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Endymion by Dan Simmons
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Mar 26, 12

bookshelves: sci-fi, favorites
Read in July, 2010

Dan Simmons continues his Hyperion cantos with Endymion, a story that follows a more traditional plot structure than its predecessors. Whereas Hyperion and The Fall of Hyperion were both highly poetic and eccentric, Endymion reads much like a classic sci-fi adventure story. That isn’t to say that it is any less cerebral. Simmons doesn’t write simple stories by any stretch and, although the pace is a bit quicker, there is plenty of meat here for those who enjoyed the previous Hyperion novels.

Simmons continues his unique first-person, third-person interchange from the Fall of Hyperion with Raul Endymion, a Hyperion-born man, as his first-person narrator and Father-Captain Federico de Soya, an agent of the powerful Church and the Pax, being the subject of the majority of the third-person narrative. As with the second Keats cybrid in the Fall of Hyperion, there is an unknown force (to be explained later) that allows Raul to “see” through de Soya’s eyes, thereby explaining the third-person narrative.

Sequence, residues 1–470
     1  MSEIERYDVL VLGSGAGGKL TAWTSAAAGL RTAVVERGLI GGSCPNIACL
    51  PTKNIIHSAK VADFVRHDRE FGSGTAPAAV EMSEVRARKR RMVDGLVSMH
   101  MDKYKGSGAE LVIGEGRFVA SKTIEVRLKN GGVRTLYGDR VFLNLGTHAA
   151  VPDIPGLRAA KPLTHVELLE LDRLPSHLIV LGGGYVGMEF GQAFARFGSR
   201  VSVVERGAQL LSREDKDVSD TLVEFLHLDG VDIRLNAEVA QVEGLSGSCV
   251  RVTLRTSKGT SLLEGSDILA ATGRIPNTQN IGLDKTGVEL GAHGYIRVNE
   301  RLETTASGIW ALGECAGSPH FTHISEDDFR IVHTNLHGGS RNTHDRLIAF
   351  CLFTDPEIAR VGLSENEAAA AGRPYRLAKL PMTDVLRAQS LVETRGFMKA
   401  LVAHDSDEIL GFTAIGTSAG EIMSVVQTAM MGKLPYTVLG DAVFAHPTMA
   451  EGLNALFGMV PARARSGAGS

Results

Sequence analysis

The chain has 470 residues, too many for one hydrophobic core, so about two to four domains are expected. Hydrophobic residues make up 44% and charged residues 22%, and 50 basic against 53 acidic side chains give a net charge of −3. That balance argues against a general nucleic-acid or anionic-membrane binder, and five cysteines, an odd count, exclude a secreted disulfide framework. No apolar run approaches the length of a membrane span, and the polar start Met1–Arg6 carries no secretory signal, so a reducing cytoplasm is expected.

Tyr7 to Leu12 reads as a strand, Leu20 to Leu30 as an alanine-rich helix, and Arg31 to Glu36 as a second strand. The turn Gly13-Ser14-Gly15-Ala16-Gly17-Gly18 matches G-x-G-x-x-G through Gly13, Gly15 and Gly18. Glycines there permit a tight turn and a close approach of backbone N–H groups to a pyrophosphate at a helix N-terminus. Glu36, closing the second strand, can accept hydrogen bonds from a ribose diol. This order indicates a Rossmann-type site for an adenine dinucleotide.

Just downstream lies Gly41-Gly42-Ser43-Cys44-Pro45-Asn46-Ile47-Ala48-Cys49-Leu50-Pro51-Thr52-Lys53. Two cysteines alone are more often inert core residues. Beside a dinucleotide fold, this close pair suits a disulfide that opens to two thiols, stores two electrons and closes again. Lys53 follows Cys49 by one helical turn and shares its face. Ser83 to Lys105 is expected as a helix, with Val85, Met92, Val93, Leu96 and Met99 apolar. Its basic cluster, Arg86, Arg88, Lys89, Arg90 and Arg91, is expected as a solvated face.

The plot follows Raul as he is recruited by Martin Silenus on a task to rescue Brawne Lamia’s daughter Aenea from the Church and the Pax. Aenea, the fabled “one who teaches,” has stepped through the Time Tombs into Raul’s time to perform some unknown task. Meanwhile, Father-Captain de Soya is tasked with capturing her, Endymion, and the android A. Bettik. The story takes us through multiple worlds, involves political intrigue, mystery, and an epic battle between the Shrike and one of the TechnoCore’s newest killing machines. Like its predecessors, Endymion is creative, grand in scale, and vastly entertaining. The only flaw is the same that is present in most of Simmons’s work: he tends to ramble and get lost in tangents, but it’s worth the effort.

Be warned that, like Hyperion, this story ends with a massive cliff-hanger. The tale continues with the sequel The Rise of Endymion.
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